MassAHU comments on Payment Reform Commission Report

| October 9, 2009 | Comments (0)

The Massachusetts Association of Health Underwriters (MassAHU), a membership organization of professional health insurance brokers, consultants and other professionals, shares the concern for affordability of health care in the commonwealth of Massachusetts.  Through the Payment Reform Commission appointed by Governor Patrick, recommendations have been submitted for the restructuring of the health care payment system.  According to this commission, the goal is to make recommendations to reform the current payment system in order to “provide incentives for efficient and effective patient-centered care, and to reduce variations in quality and cost of care”. 

 

While we appreciate the incredible effort that went into this commission’s research, MassAHU is extremely concerned that a small appointed board will determine what payment reform will be without the necessary, vigorous research needed to support this direction.   In keeping a historical perspective on provider payment models of the past, multiple approaches in the market have led to the current prevailing methods.  Some payment methods have disappeared (i.e. the capitation approach) while others have flourished.  This is not to say that the predominent fee for service method works; we share in the perspective that payment reform is needed.  But we do not share in the position that a global solution should be mandated by the state based on a small appointed board.  Instead, we support the enabling of payers and providers to come up with payment reform to meet these goals with appropriate incentives.

 

Health care reform has thus far dealt with accessibility of insurance to all citizens, affordability of insurance through increased subsidies, and minimum insurance coverage standards.  MassAHU feels that before we proceed in sweeping reform of health care payment system, we need to focus on the underlying issues that were identified by the reform commission’s study, as well as other statistical studies, and the initial goals of health care reform in general:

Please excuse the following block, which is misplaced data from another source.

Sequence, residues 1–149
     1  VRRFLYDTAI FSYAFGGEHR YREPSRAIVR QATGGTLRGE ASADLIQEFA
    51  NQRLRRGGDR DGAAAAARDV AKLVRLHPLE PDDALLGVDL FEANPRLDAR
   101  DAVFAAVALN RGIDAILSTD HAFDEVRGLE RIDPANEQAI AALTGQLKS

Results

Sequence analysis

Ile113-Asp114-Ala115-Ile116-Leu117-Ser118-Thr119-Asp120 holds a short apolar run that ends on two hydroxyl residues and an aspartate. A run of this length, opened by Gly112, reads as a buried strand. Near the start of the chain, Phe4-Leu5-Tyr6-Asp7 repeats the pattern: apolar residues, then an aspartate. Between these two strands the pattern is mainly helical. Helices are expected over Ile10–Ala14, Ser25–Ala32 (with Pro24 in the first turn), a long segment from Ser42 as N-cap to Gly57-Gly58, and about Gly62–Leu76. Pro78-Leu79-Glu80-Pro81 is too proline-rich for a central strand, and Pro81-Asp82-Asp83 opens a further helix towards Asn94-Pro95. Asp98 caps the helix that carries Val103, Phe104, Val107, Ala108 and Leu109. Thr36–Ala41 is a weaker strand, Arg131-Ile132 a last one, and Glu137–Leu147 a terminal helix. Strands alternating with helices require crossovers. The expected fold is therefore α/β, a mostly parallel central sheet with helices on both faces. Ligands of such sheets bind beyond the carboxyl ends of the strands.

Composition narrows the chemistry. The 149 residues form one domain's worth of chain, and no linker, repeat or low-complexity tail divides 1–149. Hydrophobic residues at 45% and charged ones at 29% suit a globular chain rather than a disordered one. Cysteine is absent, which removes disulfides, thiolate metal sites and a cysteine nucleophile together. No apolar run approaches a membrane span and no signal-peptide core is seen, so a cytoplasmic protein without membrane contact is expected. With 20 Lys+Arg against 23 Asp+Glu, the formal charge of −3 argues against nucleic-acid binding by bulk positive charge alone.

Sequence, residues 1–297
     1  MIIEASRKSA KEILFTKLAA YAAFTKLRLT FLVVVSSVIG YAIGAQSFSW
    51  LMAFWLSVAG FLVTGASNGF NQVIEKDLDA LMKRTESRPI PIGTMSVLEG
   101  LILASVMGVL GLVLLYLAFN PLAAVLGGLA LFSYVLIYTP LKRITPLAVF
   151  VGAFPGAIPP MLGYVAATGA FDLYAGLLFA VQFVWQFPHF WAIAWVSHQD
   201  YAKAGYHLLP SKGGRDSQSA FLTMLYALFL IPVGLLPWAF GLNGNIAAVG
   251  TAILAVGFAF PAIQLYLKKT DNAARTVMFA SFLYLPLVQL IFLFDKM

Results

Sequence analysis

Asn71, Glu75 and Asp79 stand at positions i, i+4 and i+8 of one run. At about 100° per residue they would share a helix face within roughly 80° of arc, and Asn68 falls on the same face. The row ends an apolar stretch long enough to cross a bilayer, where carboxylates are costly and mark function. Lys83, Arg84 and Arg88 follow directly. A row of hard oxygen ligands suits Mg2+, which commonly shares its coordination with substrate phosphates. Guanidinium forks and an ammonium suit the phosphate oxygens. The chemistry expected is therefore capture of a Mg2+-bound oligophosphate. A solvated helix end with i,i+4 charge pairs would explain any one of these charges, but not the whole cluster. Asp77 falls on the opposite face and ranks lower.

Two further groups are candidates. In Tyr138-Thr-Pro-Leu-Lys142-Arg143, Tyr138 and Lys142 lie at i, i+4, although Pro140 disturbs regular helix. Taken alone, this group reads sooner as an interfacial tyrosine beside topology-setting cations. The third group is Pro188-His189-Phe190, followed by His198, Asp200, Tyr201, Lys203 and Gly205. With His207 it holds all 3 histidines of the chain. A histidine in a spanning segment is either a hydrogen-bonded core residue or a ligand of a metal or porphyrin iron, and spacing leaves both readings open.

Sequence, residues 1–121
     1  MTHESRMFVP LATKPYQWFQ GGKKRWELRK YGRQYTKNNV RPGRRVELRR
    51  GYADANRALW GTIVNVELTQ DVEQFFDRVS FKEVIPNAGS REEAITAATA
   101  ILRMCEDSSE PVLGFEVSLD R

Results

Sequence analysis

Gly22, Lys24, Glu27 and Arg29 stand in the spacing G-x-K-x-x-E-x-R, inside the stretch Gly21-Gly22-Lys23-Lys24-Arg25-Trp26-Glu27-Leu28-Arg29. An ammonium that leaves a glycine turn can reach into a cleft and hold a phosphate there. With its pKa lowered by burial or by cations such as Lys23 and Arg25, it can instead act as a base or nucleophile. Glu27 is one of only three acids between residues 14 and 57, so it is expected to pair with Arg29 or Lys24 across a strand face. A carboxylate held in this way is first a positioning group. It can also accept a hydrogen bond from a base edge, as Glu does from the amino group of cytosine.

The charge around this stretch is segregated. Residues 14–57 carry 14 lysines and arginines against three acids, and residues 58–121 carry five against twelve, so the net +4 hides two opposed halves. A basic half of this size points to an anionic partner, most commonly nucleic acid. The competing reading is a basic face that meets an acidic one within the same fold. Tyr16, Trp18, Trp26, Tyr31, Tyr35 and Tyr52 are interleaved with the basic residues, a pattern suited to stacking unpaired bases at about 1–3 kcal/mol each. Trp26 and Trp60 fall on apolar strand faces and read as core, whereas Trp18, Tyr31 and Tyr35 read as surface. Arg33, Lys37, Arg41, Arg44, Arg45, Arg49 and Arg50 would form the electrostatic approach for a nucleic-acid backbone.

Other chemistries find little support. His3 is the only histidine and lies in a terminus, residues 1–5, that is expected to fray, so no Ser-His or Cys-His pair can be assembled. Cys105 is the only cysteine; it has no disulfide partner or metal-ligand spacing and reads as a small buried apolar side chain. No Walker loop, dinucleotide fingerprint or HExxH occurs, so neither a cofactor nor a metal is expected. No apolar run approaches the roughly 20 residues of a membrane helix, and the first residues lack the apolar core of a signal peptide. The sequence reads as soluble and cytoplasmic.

Lack of sufficient primary care access in the state, which contributes to other issues including low compliance on preventive screenings and management of chronic illness in adult population, as well as overuse of emergency room for non-emergency and/or preventable symptoms

Lack of transparency in both cost and quality data for consumers

Lack of meaningful medical malpractice reform

Lack of incentives for consumer engagement in healthy lifestyles/wellness

While the commission’s recommendations may indeed work for some providers and payers, MassAHU is concerned for the impact on employers and consumers we work with in designing  quality, affordable health insurance programs.  Without addressing the above named issues first, we will not be able to improve the quality of care or the runaway cost of care.  Through the history of our payment system, we have moved so far away from accountability – that is accountability for your own health as a consumer, and accountability for the cost/results as a provider – that it is time to make this a priority and build on payment reform in cooperative partnerships.   Without addressing the cost of care, we cannot impact the cost of insurance, and without relief in the cost of insurance, we will end up with fewer employers and consumers having insurance.  The ‘bottom line’ in payment reform must be to reduce the cost of insurance to consumers, but we cannot pass such sweeping reform as is included in this commission’s recommendation without further vetting out the potential pitfalls of such reform.

Category: Featured, Position Statements

Leave a Reply

You must be logged in to post a comment.